An especially distinct sect of Vaisnavism was founded by Sri Krsna Caitanya (Chari 33-34). The unique element of this sect is the concept of a devotees relationship to God, which is framed as bhakti but in a particularly loving and somewhat romantic-erotic in nature. The pivotal imagery for this concept comes from the tales of Krsna as a boy playing with the gopis as they are found in the Bhagavata Purana. The central allegory made in these stories is that the gopis long for Krnsa as an image of the devotee longing for their god, the erotic themes of the stories accentuate the metaphysical overtones implied beneath the descriptions (Doniger 228). The intimacy between lovers is seen as a parallel for the ideal closeness between one and one’s God: as such the use of sexual imagery visualizes this nebulous concept. When Krnsa steals the gopis clothes and forces them to stand before him naked there are obvious erotic themes playing out involving submission and vulnerability. These exact same concepts can are mirrored in the implied spiritual counterpart of the scene where a devotee is stripped of their concealing features to reveal their fundamental self in the face of God. “Though they were greatly deceived and robbed of their modesty, though they were mocked and treated like toys and stripped of their clothes… they were happy to be together with their beloved” (Doniger 230). The gopis are perfect devotees, even after having their identity and pride taken away by God – in other words, after having performed self-surrender – they find joy in the presence of God. This heightened emotional attitude towards Vaisnavism began a large movement, associated with Radha-Krsna, that affected multiple sects, but is perhaps most prevalent still in Caitanya Vaisnavism (Chari 34).

Despite the differences in all these different sects and schools of Vaisnavism, there are still overarching themes. Bhakti and self-surrender are always prevalent concepts, urging devotees to give up the cemented concepts of the self in favour of love for Visnu in hopes of joining with him eventually. The basic metaphysical concept of Visnu’s absolute presence and being is always involved. Krsna describes himself as: “… whatever powerful being there is – be it splendid or filled with vigour, it comes to be from only a small part of my brilliance,” (Patton 122). Indeed this is essentially the belief of Vaisnava philosophy and theology. The human being is just a small aspect of the indescribable enormity of Visnu, and so to pay reverence to him and to love him is to accept the truth of existence. Only through reflection on Visnu in this insurmountable way can one become joined with him spiritually and when one is properly joined with him it becomes clear that there truly is nothing else but Visnu. “Joined in this way, with me as the highest goal – you will come to me alone.” (Patton 110).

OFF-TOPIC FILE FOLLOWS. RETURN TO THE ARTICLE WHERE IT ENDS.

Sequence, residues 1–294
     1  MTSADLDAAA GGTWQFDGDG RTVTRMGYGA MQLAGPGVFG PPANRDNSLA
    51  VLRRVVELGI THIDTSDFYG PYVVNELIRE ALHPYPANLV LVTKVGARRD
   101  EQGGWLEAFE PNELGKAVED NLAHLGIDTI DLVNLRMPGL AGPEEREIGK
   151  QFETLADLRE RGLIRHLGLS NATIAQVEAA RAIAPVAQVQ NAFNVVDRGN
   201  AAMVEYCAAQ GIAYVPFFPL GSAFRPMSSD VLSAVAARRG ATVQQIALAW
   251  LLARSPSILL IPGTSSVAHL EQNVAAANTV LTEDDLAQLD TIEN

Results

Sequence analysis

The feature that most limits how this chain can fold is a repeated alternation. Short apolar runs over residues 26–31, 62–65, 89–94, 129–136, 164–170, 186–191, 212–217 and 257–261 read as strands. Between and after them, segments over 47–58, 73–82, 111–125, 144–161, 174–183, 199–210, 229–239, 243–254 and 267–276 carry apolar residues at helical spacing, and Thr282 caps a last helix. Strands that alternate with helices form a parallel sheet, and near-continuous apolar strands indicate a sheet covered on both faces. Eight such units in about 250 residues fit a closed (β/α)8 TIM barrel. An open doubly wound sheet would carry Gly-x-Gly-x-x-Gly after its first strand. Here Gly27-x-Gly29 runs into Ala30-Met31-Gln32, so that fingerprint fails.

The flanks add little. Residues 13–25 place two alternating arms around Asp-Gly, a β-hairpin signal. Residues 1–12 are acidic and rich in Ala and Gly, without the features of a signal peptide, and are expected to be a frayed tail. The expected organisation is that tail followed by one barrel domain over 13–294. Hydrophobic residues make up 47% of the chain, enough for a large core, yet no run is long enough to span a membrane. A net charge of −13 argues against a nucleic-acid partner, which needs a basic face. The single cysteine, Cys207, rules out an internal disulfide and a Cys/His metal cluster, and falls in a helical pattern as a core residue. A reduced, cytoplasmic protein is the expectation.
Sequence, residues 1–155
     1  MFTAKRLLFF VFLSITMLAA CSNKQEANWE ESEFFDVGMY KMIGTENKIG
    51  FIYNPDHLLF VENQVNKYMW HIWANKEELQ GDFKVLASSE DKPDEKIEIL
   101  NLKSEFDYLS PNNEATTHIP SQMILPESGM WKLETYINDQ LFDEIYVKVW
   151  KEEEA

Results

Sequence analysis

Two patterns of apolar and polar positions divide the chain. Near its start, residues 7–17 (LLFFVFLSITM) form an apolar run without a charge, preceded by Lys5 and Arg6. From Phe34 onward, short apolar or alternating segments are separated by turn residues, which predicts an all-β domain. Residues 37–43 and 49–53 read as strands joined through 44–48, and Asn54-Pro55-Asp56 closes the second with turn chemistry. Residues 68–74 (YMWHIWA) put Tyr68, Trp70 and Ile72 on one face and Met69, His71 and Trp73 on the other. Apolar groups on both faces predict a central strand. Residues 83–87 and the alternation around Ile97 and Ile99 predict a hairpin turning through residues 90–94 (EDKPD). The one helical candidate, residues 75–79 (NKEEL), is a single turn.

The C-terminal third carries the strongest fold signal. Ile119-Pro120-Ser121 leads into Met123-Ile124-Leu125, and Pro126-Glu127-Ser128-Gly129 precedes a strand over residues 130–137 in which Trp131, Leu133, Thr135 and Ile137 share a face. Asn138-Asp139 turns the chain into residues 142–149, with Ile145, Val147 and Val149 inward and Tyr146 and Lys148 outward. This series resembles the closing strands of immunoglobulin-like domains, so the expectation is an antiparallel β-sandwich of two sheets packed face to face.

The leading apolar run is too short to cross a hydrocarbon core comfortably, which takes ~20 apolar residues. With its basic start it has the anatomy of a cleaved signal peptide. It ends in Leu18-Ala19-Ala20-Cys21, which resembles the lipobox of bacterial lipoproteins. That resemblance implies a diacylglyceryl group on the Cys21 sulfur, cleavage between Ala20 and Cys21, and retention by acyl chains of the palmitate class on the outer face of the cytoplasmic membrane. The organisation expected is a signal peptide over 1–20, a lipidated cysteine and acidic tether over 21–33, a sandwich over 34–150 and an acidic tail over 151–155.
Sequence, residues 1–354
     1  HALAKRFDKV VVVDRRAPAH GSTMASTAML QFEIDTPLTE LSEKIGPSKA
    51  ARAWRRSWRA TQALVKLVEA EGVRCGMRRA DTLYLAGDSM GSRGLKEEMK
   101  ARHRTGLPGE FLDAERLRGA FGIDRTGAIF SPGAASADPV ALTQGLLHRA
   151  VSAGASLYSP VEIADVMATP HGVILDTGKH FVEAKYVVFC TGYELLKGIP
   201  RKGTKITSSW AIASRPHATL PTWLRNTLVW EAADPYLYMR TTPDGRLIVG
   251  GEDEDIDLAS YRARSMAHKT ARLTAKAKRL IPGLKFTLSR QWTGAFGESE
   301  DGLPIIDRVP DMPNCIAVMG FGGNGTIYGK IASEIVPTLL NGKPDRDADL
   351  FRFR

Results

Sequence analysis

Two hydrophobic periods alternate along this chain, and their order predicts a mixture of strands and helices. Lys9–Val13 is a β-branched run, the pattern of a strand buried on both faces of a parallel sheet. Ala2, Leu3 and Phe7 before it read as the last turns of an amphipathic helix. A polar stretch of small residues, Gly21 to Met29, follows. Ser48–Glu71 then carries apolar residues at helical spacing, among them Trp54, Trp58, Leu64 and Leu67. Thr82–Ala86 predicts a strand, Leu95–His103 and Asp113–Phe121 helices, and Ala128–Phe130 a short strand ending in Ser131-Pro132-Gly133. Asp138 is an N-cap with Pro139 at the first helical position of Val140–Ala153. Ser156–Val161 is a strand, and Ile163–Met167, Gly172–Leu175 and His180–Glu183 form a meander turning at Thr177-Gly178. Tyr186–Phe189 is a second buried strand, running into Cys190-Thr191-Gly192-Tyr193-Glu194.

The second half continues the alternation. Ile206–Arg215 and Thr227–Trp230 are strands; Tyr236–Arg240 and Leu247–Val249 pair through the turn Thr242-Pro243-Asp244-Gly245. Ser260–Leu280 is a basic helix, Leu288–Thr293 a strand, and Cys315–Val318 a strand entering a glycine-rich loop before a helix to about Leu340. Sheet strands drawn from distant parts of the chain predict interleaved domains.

Chari, S.M. Srinivasa (1994) Vaisnavism: Its Philosophy, Theology, and Religious Discipline. Delhi: Motilal Banarsidass Publishers Private Limited.

Patton, Laurie L. (trans.) (2008) The Bhagavad Gita. London: Penguin.

Prentiss, Karen (2000) The Embodiment of Bhakti.Oxford: Oxford University Press.

Doniger, Wendy (1994) Hindu Myths: A Sourcebook Translated from the Sanskrit. New Delhi: Penguin.

Sarbadhikary, Sukanya (2015) Place of Devotion: Siting and Experiencing Divinity in Bengal-Vaishnavism. Oakland: University of California Press.

Jash, Pranabananda, and Prabananda Jash (1979) “Vaisnavism in Ancient Southeast Asia” Proceedings of the Indian History Congress 40: 932-942

Sircar, Mahendranath, and Shastri Indo-Canadian Institute (2000) Studies in Vaisnavism and Tantricism. New Delhi: Bharatiya Kala Prakashan.

Mishra, Kishore Chandra (2002) “The History of Vaisnavism in Western Orissa” Proceedings of the Indian History Congress 63: 181–190.

Toffin, Gerard (2012) “A Vaishnava Theatrical Performance in Nepal: The Katti-pyakhã of Lalitpur City” Asian Theatre Journal  29:126-163.

Glucklich, Ariel (2008) The Strides of Vishnu: Hindu Culture in Historical Perspective. New York: Oxford University Press.

Related Topics for Further Investigation











Tamil Hymns














Noteworthy Websites Related to the Topic

Article written by: Margaret Kieper (November 2018) who is solely responsible for its content.


Some Hindus believe that Harihara is the Supreme God. In the Hindu tradition the supreme gods are Visnu and Siva.  Visnu is known as Hari and Siva is known as Hara. In Sanskrit Hari means a yellowish or khaki color, which represents the sun and the Soma plant. Put together Hari and Hara are Harihara, which is a combination of the two gods. Harihara is also commonly known as Shankaranarayana; “Shankara” is Siva while “Narayana” is Visnu. Devotees believe that Siva and Visnu are different aspects of the same reality. Sometimes they are thought to have been brought together because they were ‘rivals’ but there is no evidence to show that this is the case. Harihara is occasionally used in philosophical terms to indicate Visnu and Sivas unification of different aspects of the Supreme God (Olson). The most famous philosophical analogy is the yogurt and milk analogy, which says that yogurt is a groundwork of milk but yogurt cannot be used as milk. Siva is an expansion of Krishna but Siva cannot act as Krishna. Also Siva has a connection with the material world while Visnu and Krishna do not. It is thought that Visnu is a part of Krishna as the whole.